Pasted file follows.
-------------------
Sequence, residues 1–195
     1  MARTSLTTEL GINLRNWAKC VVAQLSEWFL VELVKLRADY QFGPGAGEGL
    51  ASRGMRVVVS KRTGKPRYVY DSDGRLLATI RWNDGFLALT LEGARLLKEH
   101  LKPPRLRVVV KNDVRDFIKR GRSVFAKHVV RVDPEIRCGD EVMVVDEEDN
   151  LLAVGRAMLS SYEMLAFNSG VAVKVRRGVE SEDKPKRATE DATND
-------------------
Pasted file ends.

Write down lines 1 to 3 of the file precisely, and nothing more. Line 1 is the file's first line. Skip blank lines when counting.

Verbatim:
Sequence, residues 1–195
     1  MARTSLTTEL GINLRNWAKC VVAQLSEWFL VELVKLRADY QFGPGAGEGL
    51  ASRGMRVVVS KRTGKPRYVY DSDGRLLATI RWNDGFLALT LEGARLLKEH